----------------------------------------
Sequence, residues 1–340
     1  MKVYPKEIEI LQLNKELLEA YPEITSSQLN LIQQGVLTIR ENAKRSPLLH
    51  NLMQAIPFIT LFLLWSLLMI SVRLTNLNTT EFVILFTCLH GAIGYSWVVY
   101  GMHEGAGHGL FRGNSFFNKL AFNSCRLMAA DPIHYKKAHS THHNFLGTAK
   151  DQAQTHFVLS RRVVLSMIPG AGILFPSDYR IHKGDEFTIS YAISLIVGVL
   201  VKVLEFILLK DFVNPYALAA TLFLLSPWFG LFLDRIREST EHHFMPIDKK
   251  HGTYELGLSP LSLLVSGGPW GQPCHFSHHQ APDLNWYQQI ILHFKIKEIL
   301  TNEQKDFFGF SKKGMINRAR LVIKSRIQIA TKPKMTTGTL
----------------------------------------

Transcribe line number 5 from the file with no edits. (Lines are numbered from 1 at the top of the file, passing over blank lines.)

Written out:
   151  DQAQTHFVLS RRVVLSMIPG AGILFPSDYR IHKGDEFTIS YAISLIVGVL